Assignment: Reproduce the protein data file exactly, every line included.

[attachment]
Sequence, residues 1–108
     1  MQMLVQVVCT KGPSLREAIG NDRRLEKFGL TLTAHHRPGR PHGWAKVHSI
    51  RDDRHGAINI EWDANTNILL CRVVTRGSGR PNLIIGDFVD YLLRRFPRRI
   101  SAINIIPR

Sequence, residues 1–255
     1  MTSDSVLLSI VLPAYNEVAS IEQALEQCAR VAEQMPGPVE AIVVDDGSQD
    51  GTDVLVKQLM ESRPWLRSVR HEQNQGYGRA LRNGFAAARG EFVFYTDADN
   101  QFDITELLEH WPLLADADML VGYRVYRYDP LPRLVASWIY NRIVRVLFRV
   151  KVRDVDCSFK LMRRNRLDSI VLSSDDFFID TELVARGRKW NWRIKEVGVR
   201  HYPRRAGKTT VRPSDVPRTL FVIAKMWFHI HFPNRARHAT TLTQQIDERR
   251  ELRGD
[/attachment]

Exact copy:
Sequence, residues 1–108
     1  MQMLVQVVCT KGPSLREAIG NDRRLEKFGL TLTAHHRPGR PHGWAKVHSI
    51  RDDRHGAINI EWDANTNILL CRVVTRGSGR PNLIIGDFVD YLLRRFPRRI
   101  SAINIIPR

Sequence, residues 1–255
     1  MTSDSVLLSI VLPAYNEVAS IEQALEQCAR VAEQMPGPVE AIVVDDGSQD
    51  GTDVLVKQLM ESRPWLRSVR HEQNQGYGRA LRNGFAAARG EFVFYTDADN
   101  QFDITELLEH WPLLADADML VGYRVYRYDP LPRLVASWIY NRIVRVLFRV
   151  KVRDVDCSFK LMRRNRLDSI VLSSDDFFID TELVARGRKW NWRIKEVGVR
   201  HYPRRAGKTT VRPSDVPRTL FVIAKMWFHI HFPNRARHAT TLTQQIDERR
   251  ELRGD